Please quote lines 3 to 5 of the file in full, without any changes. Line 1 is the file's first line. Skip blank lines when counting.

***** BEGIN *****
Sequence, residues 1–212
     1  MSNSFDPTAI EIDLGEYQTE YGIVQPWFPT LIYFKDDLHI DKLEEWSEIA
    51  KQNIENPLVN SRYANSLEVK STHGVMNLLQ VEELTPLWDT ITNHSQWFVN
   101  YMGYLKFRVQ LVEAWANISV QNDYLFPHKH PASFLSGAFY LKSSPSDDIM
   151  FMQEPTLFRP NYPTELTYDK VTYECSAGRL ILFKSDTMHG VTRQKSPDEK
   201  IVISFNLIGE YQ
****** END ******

    51  KQNIENPLVN SRYANSLEVK STHGVMNLLQ VEELTPLWDT ITNHSQWFVN
   101  YMGYLKFRVQ LVEAWANISV QNDYLFPHKH PASFLSGAFY LKSSPSDDIM
   151  FMQEPTLFRP NYPTELTYDK VTYECSAGRL ILFKSDTMHG VTRQKSPDEK